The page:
Just a few days after Australia fell two places down the Global Innovation Index to 19th, new Minister for Innovation Greg Hunt has discussed the creation of a new federal fund to help spur innovation in businesses worth between $20 million and $200 million.
In a speech at the AFR’s Innovation Summit yesterday, Hunt moved away from much of the messaging the Government has used around its National Innovation and Science Agenda since its unveiling last December; rather than an ideas boom focused on startups, Hunt told the audience innovation is “about both old and new businesses”.
“In essence the Industry, Innovation and Science portfolio is about job security and job creation. By that I mean industry is about the jobs of today, innovation is about the jobs of tomorrow and science is about the jobs of the future,” Hunt said.
“Innovation therefore matters to the mechanic in Melbourne, the coffee roaster in Sydney and the mining services firm in Central Queensland.”
The step away from the startup focus comes after an election campaign during which it was made clear by the wider Australian public that the innovation message had not sunk in. Rather, as Labor’s former spokesman for digital innovation and startups Ed Husic warned, the message was in fact alienating people.
Speaking of his Western Sydney electorate, Husic told the audience at a campaign debate on innovation that, outside inner city coworking hubs, the average Australian doesn’t understand what it is exactly that innovation means and how it affects them.
“Them not getting what we’re talking about is bad news for all of us. A lot of those people think that what we argue for is a job killer. They think that tech rips away jobs, and where do they go next?” Husic said.
As such, Hunt’s speech yesterday sought to explain what innovation means for the jobs of Australians working in jobs outside the tech and startup sectors, saying that innovation is “also about established businesses doing things better to stay competitive in a changing environment.”
He said, “Innovation is happening on the factory floor, on our farms, at the supermarket checkout and in the office, in addition to the leading-edge research occurring in our science laboratories.”
In an effort to spur innovation across businesses in different sectors and of different sizes, Hunt said he will be exploring with the sector the viability of a broader National Innovation Fund based on matching debt or equity for mid-stage commercialisation, or businesses worth between $20 million to $200 million. This Fund would invest in businesses rather than providing grants; businesses of all ages can currently apply for a range of grants, with the Accelerating Commercialisation grant able to award businesses up to $1 million.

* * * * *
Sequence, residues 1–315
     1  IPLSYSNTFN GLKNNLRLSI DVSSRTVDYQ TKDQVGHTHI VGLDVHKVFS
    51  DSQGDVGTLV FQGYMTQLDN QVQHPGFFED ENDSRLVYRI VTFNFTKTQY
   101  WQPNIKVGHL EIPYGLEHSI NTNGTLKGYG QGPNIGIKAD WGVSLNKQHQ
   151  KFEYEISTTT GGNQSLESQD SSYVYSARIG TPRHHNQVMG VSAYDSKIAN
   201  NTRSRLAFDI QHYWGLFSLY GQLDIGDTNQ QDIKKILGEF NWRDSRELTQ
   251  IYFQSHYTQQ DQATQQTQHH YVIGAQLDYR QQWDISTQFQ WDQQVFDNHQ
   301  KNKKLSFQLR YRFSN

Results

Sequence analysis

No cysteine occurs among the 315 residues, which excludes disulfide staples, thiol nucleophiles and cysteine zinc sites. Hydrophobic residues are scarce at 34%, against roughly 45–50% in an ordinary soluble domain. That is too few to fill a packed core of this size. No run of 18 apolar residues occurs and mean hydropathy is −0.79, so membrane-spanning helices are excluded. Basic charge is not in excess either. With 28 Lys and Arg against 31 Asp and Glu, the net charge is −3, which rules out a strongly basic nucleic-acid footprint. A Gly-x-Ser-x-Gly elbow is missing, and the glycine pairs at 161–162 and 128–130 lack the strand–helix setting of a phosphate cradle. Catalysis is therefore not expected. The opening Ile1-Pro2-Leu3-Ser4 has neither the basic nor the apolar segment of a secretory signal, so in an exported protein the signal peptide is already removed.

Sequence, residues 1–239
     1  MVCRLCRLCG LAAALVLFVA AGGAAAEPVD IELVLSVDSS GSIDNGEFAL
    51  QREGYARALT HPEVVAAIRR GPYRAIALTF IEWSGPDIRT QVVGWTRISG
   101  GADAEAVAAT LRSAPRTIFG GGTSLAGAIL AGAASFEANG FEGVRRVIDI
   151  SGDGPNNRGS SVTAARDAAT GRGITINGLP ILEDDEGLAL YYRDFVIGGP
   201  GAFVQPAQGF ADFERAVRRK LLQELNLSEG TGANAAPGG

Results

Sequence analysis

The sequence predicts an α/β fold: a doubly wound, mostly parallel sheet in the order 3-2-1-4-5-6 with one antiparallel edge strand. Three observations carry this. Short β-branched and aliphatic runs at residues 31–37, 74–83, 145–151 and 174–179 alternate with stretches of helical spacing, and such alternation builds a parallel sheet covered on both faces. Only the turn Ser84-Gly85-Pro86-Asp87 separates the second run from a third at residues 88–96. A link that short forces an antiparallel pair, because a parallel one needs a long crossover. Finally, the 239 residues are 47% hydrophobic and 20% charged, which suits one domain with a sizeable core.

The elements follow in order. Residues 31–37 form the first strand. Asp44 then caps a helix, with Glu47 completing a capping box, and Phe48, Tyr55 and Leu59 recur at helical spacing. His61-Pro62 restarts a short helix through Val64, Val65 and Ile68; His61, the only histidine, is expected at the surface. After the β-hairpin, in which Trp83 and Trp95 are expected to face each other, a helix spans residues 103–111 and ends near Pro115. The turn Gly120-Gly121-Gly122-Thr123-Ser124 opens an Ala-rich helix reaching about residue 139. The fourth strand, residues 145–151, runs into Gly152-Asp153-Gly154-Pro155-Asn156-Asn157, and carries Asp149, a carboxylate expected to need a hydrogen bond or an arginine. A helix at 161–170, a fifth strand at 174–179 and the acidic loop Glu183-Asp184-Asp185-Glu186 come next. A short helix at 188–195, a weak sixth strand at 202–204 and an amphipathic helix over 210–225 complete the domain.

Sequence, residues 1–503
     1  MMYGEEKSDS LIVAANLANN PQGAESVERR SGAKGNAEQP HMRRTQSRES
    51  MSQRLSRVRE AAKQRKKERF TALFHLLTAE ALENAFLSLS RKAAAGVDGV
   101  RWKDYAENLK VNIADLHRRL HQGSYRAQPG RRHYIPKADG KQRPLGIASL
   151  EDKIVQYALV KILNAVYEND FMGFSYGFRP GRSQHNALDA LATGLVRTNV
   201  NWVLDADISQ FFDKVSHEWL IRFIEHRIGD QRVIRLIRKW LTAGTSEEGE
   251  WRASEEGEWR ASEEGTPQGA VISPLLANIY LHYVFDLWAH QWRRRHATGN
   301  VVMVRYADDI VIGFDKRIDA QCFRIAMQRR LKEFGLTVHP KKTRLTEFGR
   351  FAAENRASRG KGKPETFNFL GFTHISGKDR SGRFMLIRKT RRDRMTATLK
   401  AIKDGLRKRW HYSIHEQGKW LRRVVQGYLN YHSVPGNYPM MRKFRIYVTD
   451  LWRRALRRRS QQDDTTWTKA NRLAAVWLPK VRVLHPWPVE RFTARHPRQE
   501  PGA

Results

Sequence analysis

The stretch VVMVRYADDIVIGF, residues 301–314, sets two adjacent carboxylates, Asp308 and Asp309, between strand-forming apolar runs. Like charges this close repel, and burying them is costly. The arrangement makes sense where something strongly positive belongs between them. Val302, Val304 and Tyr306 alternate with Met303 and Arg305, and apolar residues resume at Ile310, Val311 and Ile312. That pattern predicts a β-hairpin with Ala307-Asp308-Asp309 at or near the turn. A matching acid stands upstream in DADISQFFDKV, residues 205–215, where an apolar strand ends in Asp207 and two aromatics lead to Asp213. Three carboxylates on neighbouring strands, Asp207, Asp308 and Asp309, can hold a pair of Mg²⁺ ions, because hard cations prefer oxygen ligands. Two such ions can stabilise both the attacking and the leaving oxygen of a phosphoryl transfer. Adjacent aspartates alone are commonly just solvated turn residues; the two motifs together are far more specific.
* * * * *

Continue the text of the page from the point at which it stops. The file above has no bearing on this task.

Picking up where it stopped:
The Fund, which will be part of the ‘second wave’ of the NISA, would come after the Government’s Innovation Investment Fund was abolished in 2014. Established in 1998, the fund co-invested with VC funds to grow early-stage companies.
Third third wave of NISA, meanwhile, will unfold over the next three years with two focus areas. The first is to make it easier for businesses to actually do business by erasing unnecessary regulation, while the second will look at “helping sectors move into the future.” As part of this, the Innovation and Science Australia board will prepare a plan for innovation, science, and research taking Australia to 2030.
“The board’s strategic advice on priorities and investment for innovation will help lift Australia’s performance and increase our global competitiveness,” Hunt said.
The effort to bring larger businesses across various industries into the NISA fold is sure to be welcomed after almost a year of being left out in the cold. A report from strategy consultancy Crazy Might Work released last December, for example, found corporate Australia felt “overlooked” by the innovation statement.
The report, which surveyed industry leaders across various sectors and businesses including Telstra, Qantas, and the Commonwealth Bank, found that while ‘innovation’ is considered a key strategic pillar by Australian corporates, there is no solid understanding or agreement among these businesses on what it is, how to achieve it, and how to measure it.
Paul Hawkins, CEO of Crazy Might Work, said at the time, “We seem to be taking a view as a nation that innovation lives in startups and research houses, which is quite naive. There is real capability to foster innovation in corporate Australia, which houses some of our best and brightest commercial minds.”
Image: Greg Hunt. Source: abc.net.au